Simple ways to be a respectful bike rider
When you head out on the road with your bicycle for the very first time as a commuter bicyclist you’ll be joining many others that “ride a bicycle for transport”.
Very quickly you will feel a sense of joy and be smiling big just like the rest of the cyclists you see on your commute. What a wonderful way to start and end the workday with a bike ride! As a new bicycle commuter, you may also see and encounter a couple of things that look unknown.
There are written and unwritten rules of the bicycle culture which help ensure all riders of this street feel protected. Below are a few of the most essential pointers in my opinion that will assist you to get started feeling comfortable like you have been a bike commuter for years.
They don’t just apply for commuters but really anyone riding bicycling. Above all, always wear your helmet, stay secure, and make some new bike-riding friends.
Passing Others On The Road
When you are on your bike you will end up passing virtually every kind of person on anything that you have ever seen on the road before. Cars, people walking, other biker riders, wheelchairs or scooters and even children on tricycles or bikes with training wheels pending where you are riding. Be ready for anything and everything!
When it comes to people on foot and other bicyclists you need to look forward and behind to guarantee the lane is clear that you pass onto the left. Often folks walking can hear you coming but you can offer an audible noise if you think it is a tight squeeze with little room to pass.
A horn, bell or vocally tell them you are passing on the left will work. Before merge back in be sure that you have given those behind you 2-3 bicycle lengths of space. When it’s raining, and you do not have fenders give much more space prior to moving in front of them so they do not get sprayed from the wheel-spray.
When passing drivers, you need to keep as far to the right as you can without placing yourself at risk of having a door opened up on you. Ouch! Don’t pass on the right when there’s a road, driveway or parking place a vehicle can turn into. When a vehicle is suggesting that they’ll be making a right-hand turn or if the vehicle is at a committed turning lane then you can have to shoulder check and move them on the left-hand side.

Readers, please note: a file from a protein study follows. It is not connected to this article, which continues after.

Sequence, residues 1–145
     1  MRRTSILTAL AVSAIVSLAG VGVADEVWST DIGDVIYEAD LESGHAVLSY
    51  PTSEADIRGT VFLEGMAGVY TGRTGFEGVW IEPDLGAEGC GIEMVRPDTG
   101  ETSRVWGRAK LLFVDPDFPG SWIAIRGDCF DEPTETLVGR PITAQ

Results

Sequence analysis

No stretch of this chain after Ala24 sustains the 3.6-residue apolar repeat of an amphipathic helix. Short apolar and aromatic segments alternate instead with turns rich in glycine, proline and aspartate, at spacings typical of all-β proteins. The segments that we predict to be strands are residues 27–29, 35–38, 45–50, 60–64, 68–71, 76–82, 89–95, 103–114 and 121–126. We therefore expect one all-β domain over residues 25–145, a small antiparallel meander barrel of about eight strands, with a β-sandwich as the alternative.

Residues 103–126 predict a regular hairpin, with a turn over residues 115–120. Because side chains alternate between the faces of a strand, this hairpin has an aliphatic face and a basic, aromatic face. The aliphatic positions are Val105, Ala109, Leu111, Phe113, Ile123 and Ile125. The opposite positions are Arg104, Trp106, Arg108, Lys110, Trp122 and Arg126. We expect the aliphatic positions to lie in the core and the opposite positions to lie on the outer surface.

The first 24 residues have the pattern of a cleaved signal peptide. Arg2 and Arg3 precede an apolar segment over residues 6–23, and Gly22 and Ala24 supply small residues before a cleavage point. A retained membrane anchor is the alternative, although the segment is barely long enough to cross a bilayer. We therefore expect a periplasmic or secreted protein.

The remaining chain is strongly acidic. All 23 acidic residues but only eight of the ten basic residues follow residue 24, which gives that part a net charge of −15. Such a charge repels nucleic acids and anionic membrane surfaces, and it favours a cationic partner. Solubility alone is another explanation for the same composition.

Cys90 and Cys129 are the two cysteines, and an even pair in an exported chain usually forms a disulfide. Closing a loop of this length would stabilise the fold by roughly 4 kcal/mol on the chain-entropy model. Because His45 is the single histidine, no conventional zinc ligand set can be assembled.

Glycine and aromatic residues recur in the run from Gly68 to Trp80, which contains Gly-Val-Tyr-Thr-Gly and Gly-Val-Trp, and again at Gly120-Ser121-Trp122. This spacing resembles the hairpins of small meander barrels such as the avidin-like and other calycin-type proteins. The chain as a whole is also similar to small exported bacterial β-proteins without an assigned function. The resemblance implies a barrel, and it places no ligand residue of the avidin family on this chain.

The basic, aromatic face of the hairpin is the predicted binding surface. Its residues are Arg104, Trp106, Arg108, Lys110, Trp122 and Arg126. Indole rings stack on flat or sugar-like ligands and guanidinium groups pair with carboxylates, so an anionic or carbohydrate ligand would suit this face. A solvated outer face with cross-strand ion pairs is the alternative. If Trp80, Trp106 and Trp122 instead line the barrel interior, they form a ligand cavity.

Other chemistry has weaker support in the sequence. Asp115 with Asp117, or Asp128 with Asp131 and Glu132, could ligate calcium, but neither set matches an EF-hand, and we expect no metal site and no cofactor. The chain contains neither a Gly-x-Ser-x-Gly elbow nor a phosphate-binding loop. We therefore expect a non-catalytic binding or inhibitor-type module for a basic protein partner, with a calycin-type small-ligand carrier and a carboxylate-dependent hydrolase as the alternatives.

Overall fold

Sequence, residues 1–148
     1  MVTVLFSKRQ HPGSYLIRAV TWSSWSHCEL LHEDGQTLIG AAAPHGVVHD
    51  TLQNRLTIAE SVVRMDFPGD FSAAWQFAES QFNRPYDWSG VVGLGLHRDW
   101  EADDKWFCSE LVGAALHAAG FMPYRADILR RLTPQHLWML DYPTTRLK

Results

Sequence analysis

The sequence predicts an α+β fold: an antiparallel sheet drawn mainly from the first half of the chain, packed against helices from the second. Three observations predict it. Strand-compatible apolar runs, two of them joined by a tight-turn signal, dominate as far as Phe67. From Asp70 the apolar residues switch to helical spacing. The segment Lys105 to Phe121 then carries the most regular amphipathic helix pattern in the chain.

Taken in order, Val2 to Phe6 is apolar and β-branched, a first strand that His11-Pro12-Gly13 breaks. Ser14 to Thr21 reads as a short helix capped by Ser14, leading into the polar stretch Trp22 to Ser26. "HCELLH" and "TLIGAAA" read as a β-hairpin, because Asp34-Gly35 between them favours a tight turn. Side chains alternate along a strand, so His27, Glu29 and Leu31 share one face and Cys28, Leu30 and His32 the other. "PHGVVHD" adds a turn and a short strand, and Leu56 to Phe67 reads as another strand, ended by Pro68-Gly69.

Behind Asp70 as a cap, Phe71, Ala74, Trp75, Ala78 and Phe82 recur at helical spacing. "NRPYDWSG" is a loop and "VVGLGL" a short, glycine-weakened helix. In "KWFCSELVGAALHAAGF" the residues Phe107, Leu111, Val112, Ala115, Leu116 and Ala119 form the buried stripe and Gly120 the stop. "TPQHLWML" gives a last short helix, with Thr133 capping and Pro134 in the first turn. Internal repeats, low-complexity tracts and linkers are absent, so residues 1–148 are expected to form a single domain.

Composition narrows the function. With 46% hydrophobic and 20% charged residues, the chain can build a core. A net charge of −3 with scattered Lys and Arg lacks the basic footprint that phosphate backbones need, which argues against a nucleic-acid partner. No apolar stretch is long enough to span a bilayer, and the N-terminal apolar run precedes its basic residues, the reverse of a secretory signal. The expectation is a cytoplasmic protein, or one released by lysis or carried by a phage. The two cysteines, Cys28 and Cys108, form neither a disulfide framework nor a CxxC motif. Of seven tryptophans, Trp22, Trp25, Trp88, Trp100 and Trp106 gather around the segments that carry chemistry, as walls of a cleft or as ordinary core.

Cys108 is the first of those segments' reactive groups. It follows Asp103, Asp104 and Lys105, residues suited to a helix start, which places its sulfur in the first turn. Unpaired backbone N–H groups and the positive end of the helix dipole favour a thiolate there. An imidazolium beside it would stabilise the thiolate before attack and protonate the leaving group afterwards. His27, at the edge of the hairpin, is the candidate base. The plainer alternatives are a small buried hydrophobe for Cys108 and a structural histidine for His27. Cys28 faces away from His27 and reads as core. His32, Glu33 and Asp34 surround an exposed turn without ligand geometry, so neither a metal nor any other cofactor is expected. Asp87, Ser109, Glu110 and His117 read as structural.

Signaling Your Turns
Use proper hand signs to warn others you will be turning soon. Do it soon enough that people who may be trying to maneuver you do not try to do so from the intersection you anticipate turning in.
Be Visible At Night
Many helmets come with front and rear light for night riding. Like a vehicle, red taillights in back, white headlights in the front. I highly recommend reflective clothing as well. One time I had to work late and did not wear reflective clothing that day. The batteries on my helmet light were starting to wear down so they weren’t as bright as they should be.
I felt pretty uncomfortable riding and not being visible to the traffic. I bought reflective tape and placed that on my frame and I always now carry two AA batteries with me in my bike kit. Always be prepared and please do not ever ride at night without having lights for safety.
Stopping At Intersections
When you are coming to stop at a light or stop sign you need to stop behind the automobiles along with other cyclists facing you. Do not make your way to your front. Be patient. You are able to pass once everybody gets moving, and pass them you will. The best thing about riding a bike in my opinion.
You may at some point have to come to an abrupt stop for one reason or another, be sure to pull over. Just like when driving, stopping abruptly can place the biker behind you in harm’s way. Try to avoid stopping in the flow of traffic just like you would if you were driving a car on the street.
Parking Your Bicycle
Park your bike considerately. Bike parking shouldn’t interfere with people walking, vehicle or truck motions. Utilize bicycle racks correctly, so more bicycles may park. When bicycle rack is completely filled up do not shove your bicycle between others at the risk of damaging other people’s bikes. Start looking for the upcoming available stand. Use a quality bike lock.
Enjoy The Ride And HAVE FUN!
The majority of bicyclists wish to construct a supportive and lively community. Say hello to a fellow commuter, do not be bashful. You may find someone that may need help, stop and see whether they want a hand.
Wouldn’t you hope that someone would do the same for you?
Pay it forward I say. Even if you don’t understand how to fix a bike chain which has dropped off or fix a flat bike tire perhaps they simply require another pair of hands or words of encouragement.
Never know, maybe you will make a great friend!